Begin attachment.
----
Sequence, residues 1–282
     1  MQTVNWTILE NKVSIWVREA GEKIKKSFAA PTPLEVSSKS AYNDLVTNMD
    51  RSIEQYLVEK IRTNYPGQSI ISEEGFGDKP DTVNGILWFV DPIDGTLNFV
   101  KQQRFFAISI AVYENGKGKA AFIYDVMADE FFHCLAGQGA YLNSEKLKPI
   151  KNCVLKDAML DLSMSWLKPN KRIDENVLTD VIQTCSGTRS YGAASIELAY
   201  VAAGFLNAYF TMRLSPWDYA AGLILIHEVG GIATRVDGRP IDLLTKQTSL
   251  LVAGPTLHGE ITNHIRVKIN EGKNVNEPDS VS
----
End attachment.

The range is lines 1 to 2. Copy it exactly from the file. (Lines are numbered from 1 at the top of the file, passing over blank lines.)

Sequence, residues 1–282
     1  MQTVNWTILE NKVSIWVREA GEKIKKSFAA PTPLEVSSKS AYNDLVTNMD